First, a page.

Let's hope that Nikon got a clear signal from Sony when they get around to making mirrorless exotics: maybe the price is okay and exotics are just costly to produce, but that price is only okay if you can drop weight and balance our cameras better (e.g. move the weight in the lens more towards the mount). Because when Nikon finally gets around to making a Z-mount exotics and they don't weight reduce and rebalance, we're going to be in "more of the same" territory and still not taking our wallets out. 

The 70-200mm f/2.8 S. This lens was being much maligned before it's official announcement. People had seen it in glass cases at shows and didn't think much of it. That's mostly because Canon did a rethink—almost exactly what I mention in that last paragraph on the 120-300mm—and designed for compact (and lighter) with their RF 70-200mm f/2.8. That Canon RF lens is slightly less than 6" in length when retracted and 1070g. The new Nikkor comes in at almost 9" and 1360g without the tripod collar, and I think that's about where everyone was thinking it would be after their in glass case examination. (By comparison, the current f-mount lens is 8" and 1430g.)

What changed people's minds with the actual announcement from Nikon was the accompanying MTF charts. They're clearly better than any other 70-200mm f/2.8 we've seen, including the current champ, which is Nikon's f-mount version! Now MTF's derived from theoretical design are not necessarily what you get in practice, but still, most of the reaction was a very appropriate "wow!" 

But wait...there's more!

The lens is both parfocal (doesn't change focus with zoom) and benign with focal length breathing (no focal length change when focusing). That gets my attention. Even though I probably won't use the lens for video, I still like parfocal, because I can zoom in, magnify, and focus, then demagnify and zoom out and know I'm focused exactly where I want to be. You can't do that with the current 70-200's.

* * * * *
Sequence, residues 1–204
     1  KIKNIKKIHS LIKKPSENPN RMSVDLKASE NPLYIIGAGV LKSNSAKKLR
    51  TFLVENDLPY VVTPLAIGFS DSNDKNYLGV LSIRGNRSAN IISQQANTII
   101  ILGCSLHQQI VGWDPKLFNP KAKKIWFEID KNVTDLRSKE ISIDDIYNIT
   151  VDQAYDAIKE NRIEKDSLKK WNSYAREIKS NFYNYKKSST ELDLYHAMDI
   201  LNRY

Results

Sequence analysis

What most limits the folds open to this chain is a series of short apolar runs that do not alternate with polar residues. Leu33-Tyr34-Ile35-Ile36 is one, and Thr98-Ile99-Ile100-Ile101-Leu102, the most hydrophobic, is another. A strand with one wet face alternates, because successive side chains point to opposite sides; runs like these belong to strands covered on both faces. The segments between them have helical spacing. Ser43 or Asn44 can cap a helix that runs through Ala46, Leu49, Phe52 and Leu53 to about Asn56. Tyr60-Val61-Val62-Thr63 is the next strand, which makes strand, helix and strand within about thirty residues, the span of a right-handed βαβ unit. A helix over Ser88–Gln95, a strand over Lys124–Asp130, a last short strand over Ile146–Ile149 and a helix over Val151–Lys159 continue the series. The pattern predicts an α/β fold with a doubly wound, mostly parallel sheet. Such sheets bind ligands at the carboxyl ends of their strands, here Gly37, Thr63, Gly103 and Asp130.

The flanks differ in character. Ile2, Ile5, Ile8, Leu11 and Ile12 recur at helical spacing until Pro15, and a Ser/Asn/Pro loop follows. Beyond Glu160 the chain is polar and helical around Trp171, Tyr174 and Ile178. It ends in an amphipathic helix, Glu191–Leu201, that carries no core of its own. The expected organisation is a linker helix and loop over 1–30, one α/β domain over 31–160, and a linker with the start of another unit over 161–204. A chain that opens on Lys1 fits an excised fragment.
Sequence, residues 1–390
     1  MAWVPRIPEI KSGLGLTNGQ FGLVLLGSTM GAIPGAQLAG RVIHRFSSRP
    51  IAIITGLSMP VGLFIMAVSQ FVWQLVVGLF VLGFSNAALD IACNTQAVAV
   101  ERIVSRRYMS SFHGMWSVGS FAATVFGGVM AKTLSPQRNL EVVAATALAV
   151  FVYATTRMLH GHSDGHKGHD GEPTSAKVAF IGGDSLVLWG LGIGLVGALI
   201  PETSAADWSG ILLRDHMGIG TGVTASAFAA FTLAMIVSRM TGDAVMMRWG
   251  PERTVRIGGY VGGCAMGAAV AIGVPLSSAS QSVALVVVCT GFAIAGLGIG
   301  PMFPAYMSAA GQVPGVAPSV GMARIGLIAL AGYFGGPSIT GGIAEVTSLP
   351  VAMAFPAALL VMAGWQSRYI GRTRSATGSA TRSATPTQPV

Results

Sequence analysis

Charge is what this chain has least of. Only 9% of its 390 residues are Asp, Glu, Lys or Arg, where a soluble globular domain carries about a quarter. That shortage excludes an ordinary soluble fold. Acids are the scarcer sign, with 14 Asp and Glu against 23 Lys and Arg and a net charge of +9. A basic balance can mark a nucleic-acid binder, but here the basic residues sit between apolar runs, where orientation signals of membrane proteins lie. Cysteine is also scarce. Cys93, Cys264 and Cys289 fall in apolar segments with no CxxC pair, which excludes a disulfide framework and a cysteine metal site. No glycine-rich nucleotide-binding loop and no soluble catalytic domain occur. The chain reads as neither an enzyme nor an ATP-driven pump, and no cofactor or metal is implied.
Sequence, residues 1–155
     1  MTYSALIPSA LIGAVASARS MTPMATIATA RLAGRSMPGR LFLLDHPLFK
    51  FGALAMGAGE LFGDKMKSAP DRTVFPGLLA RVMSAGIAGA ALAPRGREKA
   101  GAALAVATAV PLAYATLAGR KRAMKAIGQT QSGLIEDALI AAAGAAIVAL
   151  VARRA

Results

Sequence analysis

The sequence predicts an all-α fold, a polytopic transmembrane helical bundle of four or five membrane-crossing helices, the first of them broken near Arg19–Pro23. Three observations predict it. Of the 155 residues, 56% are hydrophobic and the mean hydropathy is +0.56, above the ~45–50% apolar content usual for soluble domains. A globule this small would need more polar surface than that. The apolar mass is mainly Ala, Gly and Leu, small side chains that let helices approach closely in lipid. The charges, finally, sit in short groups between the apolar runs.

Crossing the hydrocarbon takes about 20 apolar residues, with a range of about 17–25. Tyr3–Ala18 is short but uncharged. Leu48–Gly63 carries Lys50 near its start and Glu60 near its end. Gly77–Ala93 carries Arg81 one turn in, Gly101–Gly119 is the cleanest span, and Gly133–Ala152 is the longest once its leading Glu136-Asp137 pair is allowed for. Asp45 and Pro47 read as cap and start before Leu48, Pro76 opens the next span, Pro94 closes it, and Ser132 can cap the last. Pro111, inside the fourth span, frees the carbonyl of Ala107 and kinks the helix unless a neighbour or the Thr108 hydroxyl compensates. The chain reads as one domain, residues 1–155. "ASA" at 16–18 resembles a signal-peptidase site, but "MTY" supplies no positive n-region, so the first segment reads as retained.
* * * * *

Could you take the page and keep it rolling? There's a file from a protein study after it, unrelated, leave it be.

The multi-motor focus, weather sealing, and the internal VR that works with sensor VR just dot the i and cross the t. I think Nikon may have a winner here, just like the 24-70mm f/2.8 S. And by the way, the 14-24mm f/2.8 S has popped up in the glass case at CES. It looks pretty much like we expected it to, and near the same size and look as the 24-70mm f/2.8. Nice, particularly if once again the MTF is top notch.

For what it's worth: the lenses that are appearing as near final are the 14-24mm f/2.8 S, the 20mm f/1.8 S, and the 50mm f/1.2 S, all of which were on the 2020 release schedule from the original lens road map. None of the other lenses on the Z-mount road map have dates associated with them other "by the end of 2021."

Final Thoughts. Product in hand and being put to real world test is what you really need in order to make effective buying decisions. I'm told that all three of the above goodies will be available by the end of February, so it won't take long before the Internet chatter about these products goes from "initial impressions" to "actual ability." So don't get too caught up in anything that's being written at the moment, including from me.

Bonus: Meanwhile, over at Canon, their European Senior Product Marketing Manager was quoted as saying: "...should the market demand it, we are ready to create new EF lenses. But for now, our focus is on RF." This is being widely interpreted as "no more new EF lenses are coming." At least not unless Canon sees a change in customer demand.

This wasn't the way to "announce" such a change, if that change is actually true. At a time Canon still needs to sell DSLRs, in particular their new flagship 1DX Mark III, you really don't want to send a message that says it's an orphan now. And you certainly don't want to send such a message from a mid-level manager at a subsidiary. I suspect we're going to see a followup statement from corporate that is a little less direct.

To Nikon's credit, they aren't making that same mistake. They're still 100% on the "DSLRs have a future" plan at the moment, while continuing to invest in their mirrorless future. Thing is, Nikon is correct: DSLRs and mirrorless can (and have) cohabit for awhile. My only problem is that Nikon has undermined their new DSLR product a bit (removing flash and grip, for example). If there is truly ongoing DSLR demand, you need to more boldly serve those customers.

text and images © 2020 Thom Hogan
portions Copyright 1999-2019 Thom Hogan-- All Rights Reserved
Follow us on Twitter@bythom, hashtags #bythom, #dslrbodies